Kadyrov and the National Guard

The creation of the National Guard may be part of the Kremlin’s attempt to bring the unruly Chechen leader—and his military—into line.

April 13, 2016

By Maria Snegovaya

Many observers conclude that Ramzan Kadyrov, leader of Russia’s Chechen Republic, has subordinated the Kremlin to his will. Some go so far as to say that Kadyrov may even become Russia’s future president. Kadyrov’s full control over the personnel and operational decisions of  Russian Interior Ministry special forces located within the Chechen Republic, aka the “Kadyrovtsy” – which include  former rebels from the Chechen-Russian wars  – is claimed to be the key source of his power. No other regional governor has so much discretion over the military units on his territory. This autonomy over elite military units grants Kadyrov special authority in Russian politics. For example, Kadyrov is alleged to have ordered Chechen special forces to fight against the Ukrainian army in support of Russian-backed rebels in Donbass.

Kadyrov’s unique mandate owes to his demonstrated ability to maintain stability in the volatile region. The Kremlin reinforced its bargain with the Chechen leader this March when it announced that Kadyrov, whose term is set to expire in early April, will be appointed Chechnya’s Acting Head by Putin prior to the September parliamentary elections. However, all is not well between Moscow and Grozny. Recent evidence suggests that Kadyrov has been increasingly attempting to assert his will on the federal (rather than the republican) level. Examples include Kadyrov’s open confrontation with Russia’s Federal Security Service (FSB) in April 2015 over responsibility for the murder of Boris Nemtsov, and his more recent threat to persecute Russia’s non-system opposition, who he labeled “enemies of the people.”

Prior to the announced reappointment, Kadyrov’s future appeared far less certain. Rumors circulated that Putin had become increasingly disappointed with Kadyrov, avoiding scheduling meetings with him (despite Kadyrov’s multiple requests), and was considering alternative candidates for his replacement. In an interview last month, Alexey Venediktov, the editor-in-chief of Echo of Moscow who has access to Kremlin officials, said that the reappointment of Kadyrov wasn’t a given. Others suggest that the name of a certain high-level GRU officer (Russia’s Main Intelligence Directorate) was mentioned as a potential replacement candidate.

Russian opposition leader Ilya Yashin, who recently published a report on Kadyrov, claimed that according to his information “the Presidential Administration officials discussed with Kadyrov the possibility of his reappointment as a Deputy Prime Minister, the authorized representative in the North Caucasus. Although formally this office holds a higher status than Kadyrov’s current position, in fact it has almost no political authority.” Kadyrov was also allegedly offered the position of leading Russia’s Internal Troops, yet he persuaded Putin to reappoint him as head of the Chechen Republic.

Thus, Kadyrov’s position does not appear invincible. The Kremlin at least partly realizes the risks associated with Kadyrov consolidating a monopoly of power in Chechnya. The Kremlin-linked rumors claim that while Kadyrov has ultimately stayed in power, his reappointment may have come with a number of restricting checks on his authority. The recent announcement of the launch of Russia’s National Guard may be a key to the puzzle.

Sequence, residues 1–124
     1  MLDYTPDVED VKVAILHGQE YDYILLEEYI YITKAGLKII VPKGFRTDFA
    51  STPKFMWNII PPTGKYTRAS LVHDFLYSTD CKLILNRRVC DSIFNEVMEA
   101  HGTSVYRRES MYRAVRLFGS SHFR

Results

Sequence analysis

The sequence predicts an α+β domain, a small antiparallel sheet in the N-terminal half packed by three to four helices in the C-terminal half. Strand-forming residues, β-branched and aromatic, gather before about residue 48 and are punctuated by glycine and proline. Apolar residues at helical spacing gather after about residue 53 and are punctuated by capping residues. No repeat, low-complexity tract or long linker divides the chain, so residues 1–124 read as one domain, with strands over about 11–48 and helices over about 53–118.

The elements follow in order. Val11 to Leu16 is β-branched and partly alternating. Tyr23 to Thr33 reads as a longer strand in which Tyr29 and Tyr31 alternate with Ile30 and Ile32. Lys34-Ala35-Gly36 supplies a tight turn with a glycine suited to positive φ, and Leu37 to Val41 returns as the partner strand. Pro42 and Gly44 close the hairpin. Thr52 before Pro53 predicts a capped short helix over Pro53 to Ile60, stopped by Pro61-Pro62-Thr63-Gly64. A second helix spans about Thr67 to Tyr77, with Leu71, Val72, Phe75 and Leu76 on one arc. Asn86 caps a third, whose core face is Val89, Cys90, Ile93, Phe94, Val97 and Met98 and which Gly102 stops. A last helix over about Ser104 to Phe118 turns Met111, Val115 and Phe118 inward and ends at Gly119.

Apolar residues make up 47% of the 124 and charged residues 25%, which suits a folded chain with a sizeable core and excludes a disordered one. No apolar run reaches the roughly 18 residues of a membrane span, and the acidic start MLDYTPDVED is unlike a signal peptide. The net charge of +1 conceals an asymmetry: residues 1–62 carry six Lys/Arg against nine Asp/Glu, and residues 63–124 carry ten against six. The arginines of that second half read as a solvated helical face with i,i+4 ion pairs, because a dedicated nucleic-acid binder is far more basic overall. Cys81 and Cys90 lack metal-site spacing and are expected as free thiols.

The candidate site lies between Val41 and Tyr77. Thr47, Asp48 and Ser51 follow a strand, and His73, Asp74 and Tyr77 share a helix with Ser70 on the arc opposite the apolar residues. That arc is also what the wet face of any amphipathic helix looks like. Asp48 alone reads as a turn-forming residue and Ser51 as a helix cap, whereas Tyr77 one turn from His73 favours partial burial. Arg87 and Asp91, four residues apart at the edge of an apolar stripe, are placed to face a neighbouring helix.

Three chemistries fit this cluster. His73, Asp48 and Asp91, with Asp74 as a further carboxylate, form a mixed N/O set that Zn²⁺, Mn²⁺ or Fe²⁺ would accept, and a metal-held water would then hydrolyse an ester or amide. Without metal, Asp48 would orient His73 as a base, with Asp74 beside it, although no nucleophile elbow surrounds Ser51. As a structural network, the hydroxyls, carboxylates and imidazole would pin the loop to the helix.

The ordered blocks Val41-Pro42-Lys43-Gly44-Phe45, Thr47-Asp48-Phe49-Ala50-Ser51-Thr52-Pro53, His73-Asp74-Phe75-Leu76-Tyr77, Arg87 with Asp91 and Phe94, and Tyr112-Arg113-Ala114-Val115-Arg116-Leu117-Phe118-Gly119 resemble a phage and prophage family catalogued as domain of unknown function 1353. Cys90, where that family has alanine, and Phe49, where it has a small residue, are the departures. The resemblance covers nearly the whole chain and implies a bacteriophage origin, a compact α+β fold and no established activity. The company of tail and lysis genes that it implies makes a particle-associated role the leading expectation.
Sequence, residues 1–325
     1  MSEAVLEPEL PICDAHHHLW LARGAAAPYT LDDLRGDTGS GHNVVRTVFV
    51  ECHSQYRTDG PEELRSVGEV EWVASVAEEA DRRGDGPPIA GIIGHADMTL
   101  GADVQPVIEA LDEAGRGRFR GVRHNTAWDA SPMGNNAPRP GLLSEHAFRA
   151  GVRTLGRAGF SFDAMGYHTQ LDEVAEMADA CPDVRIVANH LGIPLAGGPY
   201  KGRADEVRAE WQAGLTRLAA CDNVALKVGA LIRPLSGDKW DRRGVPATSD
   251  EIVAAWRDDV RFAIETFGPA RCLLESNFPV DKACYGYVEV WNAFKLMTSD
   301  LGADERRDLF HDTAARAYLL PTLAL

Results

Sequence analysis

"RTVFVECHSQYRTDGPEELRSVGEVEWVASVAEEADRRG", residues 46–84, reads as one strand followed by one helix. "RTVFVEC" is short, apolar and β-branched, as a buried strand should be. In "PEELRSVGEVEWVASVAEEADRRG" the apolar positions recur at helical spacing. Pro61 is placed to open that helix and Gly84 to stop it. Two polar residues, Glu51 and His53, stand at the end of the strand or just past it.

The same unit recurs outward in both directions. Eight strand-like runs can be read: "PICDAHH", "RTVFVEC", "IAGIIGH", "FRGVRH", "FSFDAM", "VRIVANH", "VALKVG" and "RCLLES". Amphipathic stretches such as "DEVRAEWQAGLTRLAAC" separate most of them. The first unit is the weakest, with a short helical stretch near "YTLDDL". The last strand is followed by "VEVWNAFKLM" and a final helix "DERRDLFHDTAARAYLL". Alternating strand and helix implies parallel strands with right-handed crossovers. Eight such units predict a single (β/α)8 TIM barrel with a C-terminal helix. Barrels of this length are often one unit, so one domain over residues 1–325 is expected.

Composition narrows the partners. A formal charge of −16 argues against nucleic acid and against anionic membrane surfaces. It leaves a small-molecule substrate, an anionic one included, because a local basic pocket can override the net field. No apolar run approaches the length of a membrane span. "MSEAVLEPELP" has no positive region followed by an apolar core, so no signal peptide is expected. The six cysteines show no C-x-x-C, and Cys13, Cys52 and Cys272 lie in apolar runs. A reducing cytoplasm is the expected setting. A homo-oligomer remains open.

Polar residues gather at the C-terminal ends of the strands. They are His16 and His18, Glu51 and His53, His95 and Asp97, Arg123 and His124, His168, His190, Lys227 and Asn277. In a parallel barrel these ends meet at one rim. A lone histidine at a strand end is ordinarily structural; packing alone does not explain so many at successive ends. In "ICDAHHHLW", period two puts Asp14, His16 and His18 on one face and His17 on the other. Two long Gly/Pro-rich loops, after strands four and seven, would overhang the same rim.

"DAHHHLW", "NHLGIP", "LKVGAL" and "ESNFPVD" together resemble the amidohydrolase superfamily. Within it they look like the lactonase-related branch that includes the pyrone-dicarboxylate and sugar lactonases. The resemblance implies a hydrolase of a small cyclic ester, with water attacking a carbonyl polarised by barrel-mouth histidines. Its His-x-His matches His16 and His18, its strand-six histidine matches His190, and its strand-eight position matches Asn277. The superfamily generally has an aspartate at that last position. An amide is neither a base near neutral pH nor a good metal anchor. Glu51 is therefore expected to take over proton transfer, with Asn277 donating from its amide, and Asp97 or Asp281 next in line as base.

In a widely discussed recent interview, the lawyer Pyotr Zaikin, a former operational police officer who served in Dagestan and Chechnya in the 1990s, said the authority of all the military units of the Interior Ministry – including the Internal Troops, the Special Rapid Deployment Force, the anti-riot squad (OMON), and private security forces – will be unified under the head of the new National Guard in 2018. As a result, jurisdiction over the police and internal troops will move from the control of the Interior Ministry to the vertically integrated, military hierarchy of the National Guard. According to Zaikin, this reform might have tremendous political consequences for the Chechen Republic, as it will remove the most combat-ready military units from Kadyrov’s direct subordination and transfer them under the Commander-in-Chief of the National Guard’s authority, who answers directly to Putin. The reform will also allow for a large-scale restructuring of the Chechen special forces, removing the ex-combatants and suspected former terrorists, to minimize the potential dangers of their current ethnicity-based formations.

Kadyrov’s long-time friend and Putin’s ex-Chief of Security Viktor Zolotov was appointed as the Commander-in-Chief of the National Guard. Zolotov, who is connected to Kadyrov but is primarily loyal to Putin, might have served as a compromise figure. Indeed, some analysts are skeptical about the reforms’ capacity to fundamentally alter the nature of the Chechen special forces given Kadyrov’s proximity to the decision-makers.

Whether the Kremlin will be successful in its endeavor to put Kadyrov’s forces under control remains to be seen. However, the large-scale restructuring of Russia’s internal security services suggests that the Kremlin at least realizes the potential threats that could result from Kadyrov’s continued one-man authority over force in Chechnya.


 

Maria Snegovaya is a PhD candidate in Comparative Politics and Statistical Methods at Columbia University and a columnist for Vedomosti. Follow her on Twitter at @Msnegovaya.

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